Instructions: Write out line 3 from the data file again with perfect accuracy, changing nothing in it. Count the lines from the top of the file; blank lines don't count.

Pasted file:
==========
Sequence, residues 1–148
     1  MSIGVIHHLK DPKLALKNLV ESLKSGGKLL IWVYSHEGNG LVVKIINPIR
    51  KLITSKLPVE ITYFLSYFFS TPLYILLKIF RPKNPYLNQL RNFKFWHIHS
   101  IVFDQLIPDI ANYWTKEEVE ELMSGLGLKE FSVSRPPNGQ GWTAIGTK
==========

    51  KLITSKLPVE ITYFLSYFFS TPLYILLKIF RPKNPYLNQL RNFKFWHIHS